Additionally, the Railroad Retirement Board's (RRB) occupational disability program incorporates the records requirements of the total and permanent disability program.[4] The SSA's regulations specify a broader scope for claimants when providing records in support of his or her disability claim than the RRB's current regulations. Revising the RRB's regulations would allow the RRB to similarly obtain more complete case records and adjudicate disability claims more precisely.

Proposed Changes

Providing Evidence of Disability

We propose to revise § 220.45(a) to require you to inform the Board about or submit all evidence known to you that relates to your claimed disability.[5] The RRB's current regulations require that the “[t]he claimant for a disability annuity is responsible for providing evidence of the claimed disability and the effect of the disability on the ability to do work.” 20 CFR 220.45(a). Additionally, RRB's regulations require that “[t]he claimant must provide medical evidence showing that he or she has an impairment(s) and how severe it is during the time the claimant claims to be disabled.” 20 CFR 220.45(b).

The RRB's regulations further state that the Board may ask the claimant to provide evidence about his or her- (1) Age; (2) Education and training; (3) Work experience; (4) Daily activities both before and after the date the claimant says that he or she became disabled; (5) Efforts to work; and (6) Any other evidence showing how the claimant's impairment(s) affects his or her ability to work.” 20 CFR 220.45(b)(1) through (6).

The proposed rule would amend § 220.45(a) by adding “you must inform the Board about or submit all evidence known to you that relates to the claimed disability. This duty is ongoing and requires you to disclose any additional related evidence about which you become aware. This duty applies at each level of the administrative review process, including the appeals level, if the evidence relates to the period on or before the date of the hearings officer's decision.”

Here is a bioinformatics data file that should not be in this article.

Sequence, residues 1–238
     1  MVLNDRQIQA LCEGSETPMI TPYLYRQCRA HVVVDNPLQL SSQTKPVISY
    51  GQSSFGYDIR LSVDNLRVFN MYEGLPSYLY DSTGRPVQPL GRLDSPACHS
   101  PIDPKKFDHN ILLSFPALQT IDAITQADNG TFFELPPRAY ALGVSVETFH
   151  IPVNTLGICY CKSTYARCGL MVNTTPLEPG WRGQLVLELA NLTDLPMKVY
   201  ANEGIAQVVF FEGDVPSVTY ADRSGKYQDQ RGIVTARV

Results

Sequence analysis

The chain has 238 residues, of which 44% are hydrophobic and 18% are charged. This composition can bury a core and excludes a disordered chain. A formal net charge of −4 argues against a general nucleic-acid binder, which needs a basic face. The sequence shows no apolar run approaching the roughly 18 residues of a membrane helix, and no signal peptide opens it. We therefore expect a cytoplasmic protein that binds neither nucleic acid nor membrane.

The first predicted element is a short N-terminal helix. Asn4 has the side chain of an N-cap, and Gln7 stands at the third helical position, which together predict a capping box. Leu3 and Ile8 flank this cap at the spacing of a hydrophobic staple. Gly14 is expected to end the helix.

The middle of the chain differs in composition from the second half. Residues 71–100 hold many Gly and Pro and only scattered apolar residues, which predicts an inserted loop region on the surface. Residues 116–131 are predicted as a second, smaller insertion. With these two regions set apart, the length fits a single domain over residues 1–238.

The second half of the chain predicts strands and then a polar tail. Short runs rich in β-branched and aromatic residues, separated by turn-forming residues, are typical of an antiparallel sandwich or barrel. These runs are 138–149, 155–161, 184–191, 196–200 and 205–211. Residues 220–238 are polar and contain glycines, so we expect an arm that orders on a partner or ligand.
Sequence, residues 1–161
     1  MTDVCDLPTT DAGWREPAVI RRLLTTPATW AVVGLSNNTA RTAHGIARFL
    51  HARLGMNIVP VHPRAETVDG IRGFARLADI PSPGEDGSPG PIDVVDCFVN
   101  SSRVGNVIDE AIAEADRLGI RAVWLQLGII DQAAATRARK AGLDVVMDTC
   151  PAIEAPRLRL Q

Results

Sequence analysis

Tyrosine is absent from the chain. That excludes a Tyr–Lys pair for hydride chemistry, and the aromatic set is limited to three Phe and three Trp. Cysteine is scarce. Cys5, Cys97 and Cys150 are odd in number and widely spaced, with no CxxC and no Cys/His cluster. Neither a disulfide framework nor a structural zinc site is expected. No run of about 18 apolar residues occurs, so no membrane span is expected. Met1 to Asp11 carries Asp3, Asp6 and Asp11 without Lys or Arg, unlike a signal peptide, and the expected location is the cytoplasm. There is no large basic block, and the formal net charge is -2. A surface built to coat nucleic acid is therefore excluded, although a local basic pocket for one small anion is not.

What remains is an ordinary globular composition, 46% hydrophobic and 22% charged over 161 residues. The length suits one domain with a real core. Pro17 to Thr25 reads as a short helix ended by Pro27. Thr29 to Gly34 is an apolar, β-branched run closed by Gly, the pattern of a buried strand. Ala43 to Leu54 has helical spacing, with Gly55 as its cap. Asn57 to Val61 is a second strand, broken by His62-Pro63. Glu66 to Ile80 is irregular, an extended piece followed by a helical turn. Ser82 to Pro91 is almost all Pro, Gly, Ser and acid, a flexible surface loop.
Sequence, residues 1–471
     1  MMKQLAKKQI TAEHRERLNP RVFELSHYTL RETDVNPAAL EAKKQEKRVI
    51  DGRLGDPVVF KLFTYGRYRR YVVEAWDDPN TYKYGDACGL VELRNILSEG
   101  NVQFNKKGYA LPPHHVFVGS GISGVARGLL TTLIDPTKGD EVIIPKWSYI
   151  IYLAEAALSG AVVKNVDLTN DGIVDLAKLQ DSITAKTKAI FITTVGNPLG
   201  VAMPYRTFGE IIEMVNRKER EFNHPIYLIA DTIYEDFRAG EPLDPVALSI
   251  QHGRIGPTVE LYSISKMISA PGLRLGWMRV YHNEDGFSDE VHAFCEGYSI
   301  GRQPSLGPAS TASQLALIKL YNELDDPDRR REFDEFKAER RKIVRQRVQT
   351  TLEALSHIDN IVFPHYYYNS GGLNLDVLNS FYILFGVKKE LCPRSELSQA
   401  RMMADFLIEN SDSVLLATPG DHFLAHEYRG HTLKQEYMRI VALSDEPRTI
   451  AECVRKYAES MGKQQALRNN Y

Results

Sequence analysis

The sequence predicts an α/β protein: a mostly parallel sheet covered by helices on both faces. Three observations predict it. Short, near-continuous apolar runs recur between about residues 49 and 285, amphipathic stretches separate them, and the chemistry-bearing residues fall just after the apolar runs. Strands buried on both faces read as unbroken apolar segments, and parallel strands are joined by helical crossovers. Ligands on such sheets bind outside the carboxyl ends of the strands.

The proposed rule would also amend § 220.45(b) by expanding the explanation of the kinds of evidence to be submitted and excluding certain information protected by attorney-client privilege or by the attorney work product doctrine.

Clarity of This Proposed Rule

Executive Order 12866, as supplemented by Executive Order 13563, requires each agency to write all rules in plain language. In addition to your substantive comments on this proposed rule, we invite your comments on how to make it easier to understand.

For example:

  • Are the requirements for the rule clearly stated?
  • Have we organized the material to meet your needs?
  • What else could we do to make the rule easier to understand?
  • Does the rule contain technical language or jargon that is not clear?
  • Would a different format make the rule easier to understand?

When will we start to use this rule?

We will not use this proposed rule until we evaluate public comments and publish a final rule in the Federal Register. All final rules we issue include an effective date. We will continue to use our current rules until that date. If we publish a final rule, we will include a summary of relevant comments we received, if any, and responses to them. We will also include an explanation of how we will apply the new rule.

Regulatory Procedures

Executive Order 12866, as Supplemented by Executive Order 13563

The Board, with the concurrence of the Office of Management and Budget, has determined that this is not a significant regulatory action under Executive Order 12866, as supplemented by Executive Order 13563. Therefore, no regulatory impact analysis is required.

Regulatory Flexibility Act

We certify that this proposed rule would not have a significant economic impact on a substantial number of small entities because it affects individuals only. Therefore, a regulatory flexibility analysis is not required under the Regulatory Flexibility Act, as amended.Start Printed Page 78759